This week on the show, I am talking all about Superman, just in time for Action Comics #1000 to hit the store shelves on Wednesday. This is a huge, momentous occasion for me as a lifelong Superman fan. What I have included this week for the show liner notes is basically the script I wrote up for the episode. It’s long, but I think it is interesting to see where I went off script and what I changed in the moment when I was on the mic.
Plus it gives me an opportunity to add in some visual extras that you couldn’t hear in the show. I hope you enjoy.
Episode 5- Superman at 80
Hello and welcome to a very special episode of the Geeky Mormon Presents, being recorded in our newly named Geekopolis Studios. This week we are discussing one of my all time favorite characters across all genres and media. Maybe my number on favorite- Superman. We are talking about him instead of Star Trek: The Next Generation because this week, Wednesday, April 18, is when Action Comics # 1000 is coming out. This issue is special, in part because it marks the 80th anniversary of Superman. That’s right, Superman as a character has been around since 1938. On this episode, I am going to discuss why, I think, Superman has endured for so many years, and why I think he is going to endure for a lot of years yet to come.
First I wanted to talk a little bit about my own, personal, Superman history. I think one of the earliest memories I have of Superman is a little Superman action figure I had. It was part of a line of action figures, done by Kenner called DC Super Powers. There were a lot of DC’s classic characters to choose from, and I remember I had quite a few. I know I had Green Lantern, with his actual lantern for charging his ring, Aqua Man, with his trident and fin kicking action on his legs, the Flash, who’s running leg action looked a lot like Aquaman’s fin kicking action, and of course Batman and Robin, with their cloth capes that could just be snapped onto the necks. But above all of them was my absolute favorite- Superman. Like Batman and Robin, Superman had a cloth cape, and it seems like if you squeezed his legs together, he did some kind of punching action. It is still probably one of my favorite toys I’ve ever owned. More than my He-Man toys, or my Ninja Turtles, this action figure still stands out for me. I think it was the beginning of my obsession with Superman.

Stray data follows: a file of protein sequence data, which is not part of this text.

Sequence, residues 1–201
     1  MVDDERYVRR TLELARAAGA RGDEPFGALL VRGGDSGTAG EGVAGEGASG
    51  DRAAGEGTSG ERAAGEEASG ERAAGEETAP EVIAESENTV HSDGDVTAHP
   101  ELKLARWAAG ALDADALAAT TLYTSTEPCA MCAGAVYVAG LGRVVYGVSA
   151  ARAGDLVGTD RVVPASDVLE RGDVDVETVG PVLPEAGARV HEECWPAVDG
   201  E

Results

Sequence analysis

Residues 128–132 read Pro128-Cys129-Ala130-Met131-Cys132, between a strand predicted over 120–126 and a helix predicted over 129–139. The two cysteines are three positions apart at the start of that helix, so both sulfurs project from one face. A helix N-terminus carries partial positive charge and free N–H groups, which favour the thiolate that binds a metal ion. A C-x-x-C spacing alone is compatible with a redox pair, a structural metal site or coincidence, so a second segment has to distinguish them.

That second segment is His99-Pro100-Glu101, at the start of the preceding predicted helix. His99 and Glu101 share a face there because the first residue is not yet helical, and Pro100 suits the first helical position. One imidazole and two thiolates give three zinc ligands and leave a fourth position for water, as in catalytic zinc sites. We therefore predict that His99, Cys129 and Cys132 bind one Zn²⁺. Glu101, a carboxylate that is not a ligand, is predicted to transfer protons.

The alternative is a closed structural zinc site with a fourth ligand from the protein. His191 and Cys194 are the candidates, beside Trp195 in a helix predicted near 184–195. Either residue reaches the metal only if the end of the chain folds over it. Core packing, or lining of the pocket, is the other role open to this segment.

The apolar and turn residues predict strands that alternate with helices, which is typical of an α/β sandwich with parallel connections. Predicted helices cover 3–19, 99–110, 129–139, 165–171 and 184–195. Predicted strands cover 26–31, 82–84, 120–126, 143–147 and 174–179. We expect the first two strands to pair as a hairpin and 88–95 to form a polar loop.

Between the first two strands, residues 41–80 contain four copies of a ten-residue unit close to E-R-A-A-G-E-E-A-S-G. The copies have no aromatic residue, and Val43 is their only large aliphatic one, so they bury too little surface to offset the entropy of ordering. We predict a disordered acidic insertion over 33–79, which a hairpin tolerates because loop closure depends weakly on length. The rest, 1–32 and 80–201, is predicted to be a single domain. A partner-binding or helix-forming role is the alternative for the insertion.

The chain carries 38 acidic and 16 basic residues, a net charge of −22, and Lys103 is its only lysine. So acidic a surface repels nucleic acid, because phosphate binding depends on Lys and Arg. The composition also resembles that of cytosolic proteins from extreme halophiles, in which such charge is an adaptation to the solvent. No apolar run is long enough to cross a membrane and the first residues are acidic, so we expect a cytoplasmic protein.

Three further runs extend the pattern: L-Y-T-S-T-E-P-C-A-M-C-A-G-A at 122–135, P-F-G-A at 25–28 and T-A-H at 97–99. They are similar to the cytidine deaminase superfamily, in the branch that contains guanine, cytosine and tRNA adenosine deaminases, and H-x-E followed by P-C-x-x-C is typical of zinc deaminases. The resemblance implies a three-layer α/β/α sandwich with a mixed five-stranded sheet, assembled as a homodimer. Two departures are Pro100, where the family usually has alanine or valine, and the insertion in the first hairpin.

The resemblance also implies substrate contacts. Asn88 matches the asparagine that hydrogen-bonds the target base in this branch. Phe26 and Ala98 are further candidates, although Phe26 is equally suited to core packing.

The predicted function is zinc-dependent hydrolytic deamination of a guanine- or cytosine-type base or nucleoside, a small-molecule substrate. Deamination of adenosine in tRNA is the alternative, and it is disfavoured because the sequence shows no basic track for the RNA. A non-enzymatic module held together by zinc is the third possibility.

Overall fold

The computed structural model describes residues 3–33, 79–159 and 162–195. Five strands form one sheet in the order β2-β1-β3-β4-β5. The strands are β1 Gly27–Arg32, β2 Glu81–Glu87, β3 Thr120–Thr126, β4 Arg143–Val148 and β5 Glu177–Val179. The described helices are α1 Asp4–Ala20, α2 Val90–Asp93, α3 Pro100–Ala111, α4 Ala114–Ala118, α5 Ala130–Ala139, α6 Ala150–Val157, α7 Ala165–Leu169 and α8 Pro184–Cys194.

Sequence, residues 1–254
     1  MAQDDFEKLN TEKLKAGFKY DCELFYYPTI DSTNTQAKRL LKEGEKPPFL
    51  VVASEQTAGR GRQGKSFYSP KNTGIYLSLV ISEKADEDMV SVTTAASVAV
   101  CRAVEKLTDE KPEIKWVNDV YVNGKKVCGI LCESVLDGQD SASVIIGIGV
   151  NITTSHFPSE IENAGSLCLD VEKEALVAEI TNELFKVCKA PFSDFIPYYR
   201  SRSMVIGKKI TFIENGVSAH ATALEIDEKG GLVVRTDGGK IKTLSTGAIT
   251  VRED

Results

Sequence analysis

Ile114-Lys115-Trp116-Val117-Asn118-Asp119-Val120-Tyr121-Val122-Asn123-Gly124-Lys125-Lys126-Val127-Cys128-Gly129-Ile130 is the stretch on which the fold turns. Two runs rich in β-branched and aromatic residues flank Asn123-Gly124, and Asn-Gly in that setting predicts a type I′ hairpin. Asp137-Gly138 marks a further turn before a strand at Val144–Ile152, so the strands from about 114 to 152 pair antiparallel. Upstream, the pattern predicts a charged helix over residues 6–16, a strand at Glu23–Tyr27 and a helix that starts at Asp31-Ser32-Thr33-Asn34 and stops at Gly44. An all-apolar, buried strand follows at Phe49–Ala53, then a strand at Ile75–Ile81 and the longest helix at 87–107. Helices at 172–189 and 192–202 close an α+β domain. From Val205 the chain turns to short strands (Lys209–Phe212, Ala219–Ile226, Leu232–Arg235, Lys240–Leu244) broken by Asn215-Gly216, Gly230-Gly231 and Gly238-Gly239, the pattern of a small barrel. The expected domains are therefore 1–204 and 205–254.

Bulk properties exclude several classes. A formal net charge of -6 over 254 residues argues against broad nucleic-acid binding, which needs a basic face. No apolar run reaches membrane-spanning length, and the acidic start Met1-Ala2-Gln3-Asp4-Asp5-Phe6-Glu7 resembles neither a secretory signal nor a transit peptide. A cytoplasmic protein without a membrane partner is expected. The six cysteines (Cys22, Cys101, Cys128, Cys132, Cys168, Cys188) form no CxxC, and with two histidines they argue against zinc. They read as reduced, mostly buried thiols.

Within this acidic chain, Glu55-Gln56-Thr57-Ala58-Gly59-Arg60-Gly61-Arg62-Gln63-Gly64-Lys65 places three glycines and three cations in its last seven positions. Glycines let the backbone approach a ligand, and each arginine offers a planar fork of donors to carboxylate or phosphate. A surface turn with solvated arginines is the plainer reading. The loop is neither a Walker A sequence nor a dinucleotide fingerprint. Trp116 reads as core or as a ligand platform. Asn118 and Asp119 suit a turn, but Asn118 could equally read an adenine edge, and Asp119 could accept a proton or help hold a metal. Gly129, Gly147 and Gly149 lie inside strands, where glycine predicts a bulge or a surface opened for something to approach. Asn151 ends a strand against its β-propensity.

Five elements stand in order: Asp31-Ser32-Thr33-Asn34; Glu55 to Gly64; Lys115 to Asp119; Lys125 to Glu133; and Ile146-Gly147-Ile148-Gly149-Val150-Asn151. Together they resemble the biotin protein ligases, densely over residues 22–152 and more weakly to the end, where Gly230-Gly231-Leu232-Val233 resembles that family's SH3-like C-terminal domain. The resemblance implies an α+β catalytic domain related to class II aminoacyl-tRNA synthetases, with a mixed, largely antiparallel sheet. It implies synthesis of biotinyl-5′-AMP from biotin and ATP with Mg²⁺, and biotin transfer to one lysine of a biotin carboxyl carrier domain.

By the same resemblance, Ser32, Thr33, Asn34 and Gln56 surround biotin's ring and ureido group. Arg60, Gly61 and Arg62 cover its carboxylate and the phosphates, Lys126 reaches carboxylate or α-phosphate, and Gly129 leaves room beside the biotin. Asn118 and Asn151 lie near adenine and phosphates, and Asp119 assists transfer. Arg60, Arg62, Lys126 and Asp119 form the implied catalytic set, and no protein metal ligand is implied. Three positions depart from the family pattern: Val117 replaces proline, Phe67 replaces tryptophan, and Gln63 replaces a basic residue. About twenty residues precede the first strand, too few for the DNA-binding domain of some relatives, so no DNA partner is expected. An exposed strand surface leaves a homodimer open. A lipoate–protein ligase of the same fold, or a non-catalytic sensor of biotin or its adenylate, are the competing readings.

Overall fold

As I got a little bit older, I got into other things besides superheroes, but my love for Superman remained. I remember the year that Superman IV came out. I know this is a stinker of a film, but, it was also the only one of the Superman films I remember seeing in the theater. I also remember wanting to go to 7-11 constantly to try to get all the Superman IV cups. That film has always held a soft spot in my heart because of these memories. Also, it seems like getting collectible plastic drink or slurpee cups was a big marketing ploy in late 80s and into the 90s. I remember collecting similar cups from McDonalds for Batman Returns and the 1992 USA Men’s Basketball team. But I digress…
In the 90s, I really started getting into comics, and the one I like to buy the most was Superman. Which was great, because DC at the time had 4 different Superman titles running monthly. There was, of course, Action Comics (or at the time Superman in Action Comics), Superman, The Adventures of Superman, and Superman: The Man of Steel. That meant that every week, there was a new Superman adventure to read about. And issues at the time were usually $1.25, so it wasn’t breaking the bank, either. Of course, the 90s was one of the strangest decades for comics. Both Marvel and DC were trying to modernize their titles and change things around. Marvel had the great (meaning kind of terrible) spider clone saga, DC replaced Bruce Wayne’s Batman with the Azrael version, as well as basically all their characters being replaced by newer versions- Green Lantern and Green Arrow come to mind. Most of these changes were not great.